I don’t know if I have always been an introvert- or as I have gotten older, I have turned into one.  I guess I will never know- all I know is that I am one now.


My favorite things – coffee, books and quite mornings at Jackfish Lake.

It took me a long time to figure this all out, and it is still something I struggle with.  I remember as a kid always having this desire to disappear from my life for a while.  To fall off the face of the earth and hide away in my own little dream world, where no one would bother me and I could be left to my own device.  As a teenager I would often have a habit of withdrawing into myself.   My friends would have no way of contacting me for a week or two,  and when they finally did they would be like “we’ve been calling you for a week where have you been!’  I would feel bad, but I never really understood it myself, so I definitely couldn’t explain it to anyone else.  I thought there was something wrong with me,  but now I see I have always felt overwhelmed by social interaction and needed space and time to feel like myself again.

Its something that I have always viewed as a weakness.  When I picture an introvert I picture someone meek, self conscious and shy.   So I used to hide my introvert, loner side.  As I got older, this behavior would cause me a lot of stress.  I started getting angry when too much as going on in my life, and I would withdraw from relationships quickly if I felt overwhelmed.  Instead of owning my introvert nature- I became irritated that the world didn’t understand what I needed- in reality- I wasn’t giving myself what I needed.

What I needed was self awareness- self acceptance- and to live authentically.

What really helped me embrace myself

Accepted I was an Introvert

I had to change my beliefs that there was something wrong with being an introvert.  Being extroverted isn’t better than being introverted.   They are personality traits, and preferences.   It isn’t a flaw or a weakness.  In fact, there are many benefits and advantages to being an introvert once you start to embrace it.  Society thinks that being outgoing, loud and charismatic is superior to the quite, analytical, deep mind of an introvert.   Neither is superior, they compliment each other.  I started to embrace who I was, rather than try to change who I was.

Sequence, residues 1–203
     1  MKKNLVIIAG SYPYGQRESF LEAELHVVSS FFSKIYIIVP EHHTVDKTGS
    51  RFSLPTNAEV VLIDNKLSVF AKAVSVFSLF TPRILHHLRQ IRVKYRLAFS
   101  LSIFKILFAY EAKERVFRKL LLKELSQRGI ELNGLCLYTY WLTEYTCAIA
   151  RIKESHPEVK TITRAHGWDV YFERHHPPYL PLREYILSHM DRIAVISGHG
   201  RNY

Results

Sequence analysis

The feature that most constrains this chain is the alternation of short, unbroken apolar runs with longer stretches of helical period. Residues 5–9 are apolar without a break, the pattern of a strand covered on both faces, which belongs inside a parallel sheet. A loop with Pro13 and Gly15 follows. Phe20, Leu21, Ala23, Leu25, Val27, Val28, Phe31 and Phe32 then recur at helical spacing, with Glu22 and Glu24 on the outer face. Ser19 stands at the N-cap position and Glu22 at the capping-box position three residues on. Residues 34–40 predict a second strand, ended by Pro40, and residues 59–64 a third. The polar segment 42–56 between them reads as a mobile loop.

Explored what really made me happy

Extroverts love to socialize and be around a lot of people.   I felt I should be wanting to socialize too, but deep down I was dreading it, and had to force myself to do it.  This just added stress to my life, and caused me do things I didn’t want to do, so that I wouldn’t seem weird.  I had to really dig deep within myself and start acting from a place of  authenticity.   I prefer to order take in and rent a movie to going out to the bar.  I prefer to read, drink tea, have baths, research things online, workout, do yoga, meditate.  Its not that I’m bored, or boring, but I just enjoy different kinds of things.  I think our society needs to change the narrative that if you aren’t out getting drunk, at every party, or doing “what everyone else is doing” then you are boring.  Once I allowed myself space to discover what I really enjoyed doing, I was able to let go of the pressure of doing everything.

Started living in my true nature – learnt how to say ‘no thanks’

I used to always prep myself big time for any event.  I would also attend any event I was invited too because I was a people pleaser and could never say no.  Then, I would drink copious amounts to feel comfortable and make myself more ‘extroverted’, and end up hating myself the next day.  Now, I realize, that the worst thing I can do is force myself to go somewhere or do something that I really don’t want to do.  Sure there are some things you cant get out of, but I am talking about events that you could skip, but feel obligated to go, to make someone else happy.  Most of the time now, I only go if I really want to.  And I always have a good time because its something I genuinely enjoy doing.  I don’t have to drink to enjoy myself, or to have a good time anymore, because I only say yes to things that I want to do.  And I leave if it ever gets to overwhelming for me 🙂

There are times that I find myself much more outgoing, not feeling anxious or drained by social events and then there are times I want to hermit at home and not see anyone for weeks.  I have learnt that’s okay, and its nothing personal, its just who I am.

I have embraced my introvert nature- and I like being a little odd 🙂


  1. As someone who’s been an introvert for more than half his life, I send my greetings! Great to know you found the value of solitude in a world where a premium is put on “connections” – however superficial they may be.

    Liked by 1 person

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